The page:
Also, in many cases, properties that are fairly nice will be redeemed at the last minute. If they do make to it to the sale, there will be many, many bidders.

Good luck

Thanks for the info aak5454,

Why is it that title companies will not insure the property for at least a year after the purchase? I also was wondering, once you do receive a tax deed, what process needs to take place before you’re able to reside in the property. I have tried to search for information specifically on California tax deed sales, but haven’t found much free info out there.

I am looking at properties in San Benrardino County also, specifically in the Victorville, Apple Valley area. Do you invest in this area? Any success?
Thanks much for your reply.

title is not an area of expertise for me, in general, a tax sale is a foreclosure. Thus, you do not have normal of chain of title from buyer to seller, etc. Just call any title company in your area and ask them. I sure they can give you a proper explaination. Also, try search the message board at; lots of good info there.

As for moving in, you need to record your title. Then if someone is living there (usually not), you need to evict them. This can be lengthy process.

Most of the places I have seen are completely trashed and not in move-in condition.

I invest in the mtn areas of SB Co. Yes, I’ve had some success in past years, but not buying there now. Prices are high and this is the first areas things will get soft in the coming years IMHO). I don’t follow the high desert areas much so hard to tell. What I will say is take your time to purchase property in SoCal. It is moving toward s buyer’s markets. Excerise particular caution in areas with lots of new (<5yrs old) construction becuas that means EVERYONE has a big mortgage and the probability of people having to sell/taking low offer to get out is higher. In comparsion, fore xample, where I live, the neighborhood was built in the late 50’s; there are a good number of long term owners. My neighbor has lived there 35 yrs, I’m sure she owns free and clear. Even if she put a for sale sign up tomorrow, do you thing she would take the first (low-ball) offer that comes along? The movement in the market is going to be dictated by probability and psychology. The market conditions for a neighborhood with a lot of folks with big mortgages and multiple fore sale signs will be very different that places with people with lots of equity and a more “normal” inventory of properties for sale. Anyways, my point of that aside, was do your homework on the market conditions in your area of interest. Just becuase you buy it at a tax sale does not necessarily mean its will be a “good deal” in hindsight.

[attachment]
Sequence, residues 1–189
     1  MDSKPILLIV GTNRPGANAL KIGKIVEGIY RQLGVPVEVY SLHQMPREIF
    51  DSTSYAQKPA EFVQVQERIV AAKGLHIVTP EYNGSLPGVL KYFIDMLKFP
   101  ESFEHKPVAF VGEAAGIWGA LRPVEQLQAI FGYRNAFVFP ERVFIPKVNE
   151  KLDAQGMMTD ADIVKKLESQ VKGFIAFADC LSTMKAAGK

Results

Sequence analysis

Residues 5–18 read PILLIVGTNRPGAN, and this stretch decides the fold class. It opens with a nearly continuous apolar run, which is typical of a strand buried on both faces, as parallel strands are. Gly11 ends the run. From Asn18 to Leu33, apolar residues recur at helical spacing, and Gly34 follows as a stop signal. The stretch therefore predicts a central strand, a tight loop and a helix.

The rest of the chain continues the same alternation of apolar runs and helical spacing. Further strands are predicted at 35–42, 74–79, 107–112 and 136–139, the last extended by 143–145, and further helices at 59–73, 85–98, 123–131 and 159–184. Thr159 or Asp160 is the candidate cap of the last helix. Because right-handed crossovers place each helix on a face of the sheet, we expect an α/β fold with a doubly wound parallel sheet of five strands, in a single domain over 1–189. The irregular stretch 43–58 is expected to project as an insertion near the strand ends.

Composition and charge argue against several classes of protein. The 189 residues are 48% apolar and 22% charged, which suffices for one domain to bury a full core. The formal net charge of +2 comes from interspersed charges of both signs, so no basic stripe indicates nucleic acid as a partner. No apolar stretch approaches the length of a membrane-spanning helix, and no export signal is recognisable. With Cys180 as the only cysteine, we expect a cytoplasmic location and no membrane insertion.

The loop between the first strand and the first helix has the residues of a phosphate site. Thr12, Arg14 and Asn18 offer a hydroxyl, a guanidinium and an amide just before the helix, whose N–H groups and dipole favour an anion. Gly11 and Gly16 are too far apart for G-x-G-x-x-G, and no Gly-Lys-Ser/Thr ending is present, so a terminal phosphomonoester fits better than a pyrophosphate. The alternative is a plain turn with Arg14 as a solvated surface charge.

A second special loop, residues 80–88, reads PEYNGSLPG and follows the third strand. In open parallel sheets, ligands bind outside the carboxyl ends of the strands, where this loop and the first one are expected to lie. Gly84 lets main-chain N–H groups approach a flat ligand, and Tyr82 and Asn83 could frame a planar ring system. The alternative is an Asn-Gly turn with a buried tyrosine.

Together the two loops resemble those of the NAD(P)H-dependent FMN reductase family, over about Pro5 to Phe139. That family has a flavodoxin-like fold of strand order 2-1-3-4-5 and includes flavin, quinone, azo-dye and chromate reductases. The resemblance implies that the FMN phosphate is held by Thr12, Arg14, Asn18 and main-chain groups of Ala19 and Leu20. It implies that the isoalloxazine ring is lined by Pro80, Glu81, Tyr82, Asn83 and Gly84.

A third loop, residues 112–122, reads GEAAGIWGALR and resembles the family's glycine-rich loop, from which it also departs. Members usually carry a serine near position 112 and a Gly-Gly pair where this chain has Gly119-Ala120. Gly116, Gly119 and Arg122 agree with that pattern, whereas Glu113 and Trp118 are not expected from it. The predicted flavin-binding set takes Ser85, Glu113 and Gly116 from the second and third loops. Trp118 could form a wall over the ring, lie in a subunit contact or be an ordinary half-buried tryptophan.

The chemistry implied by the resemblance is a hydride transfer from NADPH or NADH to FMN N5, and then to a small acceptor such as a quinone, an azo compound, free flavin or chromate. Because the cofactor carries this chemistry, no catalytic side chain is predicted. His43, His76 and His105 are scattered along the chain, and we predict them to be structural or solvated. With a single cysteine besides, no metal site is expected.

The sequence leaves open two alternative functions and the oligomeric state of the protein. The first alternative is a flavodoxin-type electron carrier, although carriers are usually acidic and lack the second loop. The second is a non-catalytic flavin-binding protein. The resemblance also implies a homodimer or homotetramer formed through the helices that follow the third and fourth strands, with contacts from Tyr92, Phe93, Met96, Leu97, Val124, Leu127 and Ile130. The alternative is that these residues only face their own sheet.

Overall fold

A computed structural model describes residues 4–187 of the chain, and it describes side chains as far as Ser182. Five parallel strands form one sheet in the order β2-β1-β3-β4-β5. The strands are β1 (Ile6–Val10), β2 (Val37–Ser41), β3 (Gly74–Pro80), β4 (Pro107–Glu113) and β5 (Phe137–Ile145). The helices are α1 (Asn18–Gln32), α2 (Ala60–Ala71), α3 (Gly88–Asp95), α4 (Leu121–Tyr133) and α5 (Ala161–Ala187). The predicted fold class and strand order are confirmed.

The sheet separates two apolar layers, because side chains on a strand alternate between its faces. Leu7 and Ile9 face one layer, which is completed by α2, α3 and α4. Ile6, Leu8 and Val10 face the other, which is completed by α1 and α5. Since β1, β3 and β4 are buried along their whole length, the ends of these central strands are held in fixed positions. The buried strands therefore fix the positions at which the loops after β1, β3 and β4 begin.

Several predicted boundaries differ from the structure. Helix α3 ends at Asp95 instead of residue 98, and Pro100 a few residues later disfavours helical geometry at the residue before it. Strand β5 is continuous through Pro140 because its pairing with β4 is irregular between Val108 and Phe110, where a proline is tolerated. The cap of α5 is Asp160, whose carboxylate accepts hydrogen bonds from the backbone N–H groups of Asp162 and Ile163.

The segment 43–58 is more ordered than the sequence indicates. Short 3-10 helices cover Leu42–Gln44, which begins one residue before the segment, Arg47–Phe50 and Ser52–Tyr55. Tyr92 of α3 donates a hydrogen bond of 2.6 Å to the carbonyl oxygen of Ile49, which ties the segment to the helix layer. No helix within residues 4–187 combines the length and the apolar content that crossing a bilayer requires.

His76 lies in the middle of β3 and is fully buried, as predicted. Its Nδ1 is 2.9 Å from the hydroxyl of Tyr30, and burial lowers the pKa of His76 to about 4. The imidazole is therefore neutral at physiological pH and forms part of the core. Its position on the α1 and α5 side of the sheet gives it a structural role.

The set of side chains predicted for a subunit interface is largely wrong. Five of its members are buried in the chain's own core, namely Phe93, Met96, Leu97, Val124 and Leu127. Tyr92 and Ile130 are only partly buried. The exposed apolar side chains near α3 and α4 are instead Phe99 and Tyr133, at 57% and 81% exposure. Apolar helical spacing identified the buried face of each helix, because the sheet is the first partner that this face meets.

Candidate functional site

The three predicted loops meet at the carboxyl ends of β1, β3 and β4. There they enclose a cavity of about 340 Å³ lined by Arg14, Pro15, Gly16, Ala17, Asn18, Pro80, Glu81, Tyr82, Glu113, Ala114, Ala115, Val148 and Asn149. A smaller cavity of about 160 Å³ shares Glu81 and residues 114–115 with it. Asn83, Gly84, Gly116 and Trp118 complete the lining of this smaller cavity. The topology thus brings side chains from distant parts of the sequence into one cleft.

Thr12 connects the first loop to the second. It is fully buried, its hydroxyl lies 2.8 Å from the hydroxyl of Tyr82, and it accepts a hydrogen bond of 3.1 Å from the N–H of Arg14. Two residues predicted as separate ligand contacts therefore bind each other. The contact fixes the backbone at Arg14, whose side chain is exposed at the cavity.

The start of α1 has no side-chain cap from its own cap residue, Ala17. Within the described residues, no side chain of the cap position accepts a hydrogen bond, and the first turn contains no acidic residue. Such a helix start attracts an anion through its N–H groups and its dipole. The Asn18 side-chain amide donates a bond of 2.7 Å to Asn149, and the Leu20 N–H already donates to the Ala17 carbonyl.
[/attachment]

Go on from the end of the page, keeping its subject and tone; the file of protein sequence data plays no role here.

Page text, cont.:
It will be interesting to see how the SB tax sale goes this year as “glamour” of RE investing wears off. With that said, there are a lot of people with a lot of cash in pockets and not as mcuh sense and experience. Thus anything with is pretty close to liveable condition is going to probably be sold at least 80% FMV. That’s too much in my book considering it s a CASH deal. I’m not trying to rain-on your plans, but that’s the way its been the last 3-4 years.

thanks for the info.
I some what understand what you mean now about the title insurance.

I’m going to make sure to do my thorough due diligence before putting a bid on any of the tax sale properties. Thanks again.

I have purchased in San Bernardino, Ca. You must be very careful when doing due diligence. Those maps can be very deceiving since they are old. Get your APNs right. I

which area of SB county? Inland empire , victor valley, ?

that brings up a good point. When you go out ot look at property, it can be tricky to figure where the property lines actually are. Also, it is not uncommon to have structures, driveways, etc built around property lines. Also in some places, actual road may be shift a few feet one way or the other from the location on the map. The maps are accurrate for the most part, but matching them up to reality can be a tricky.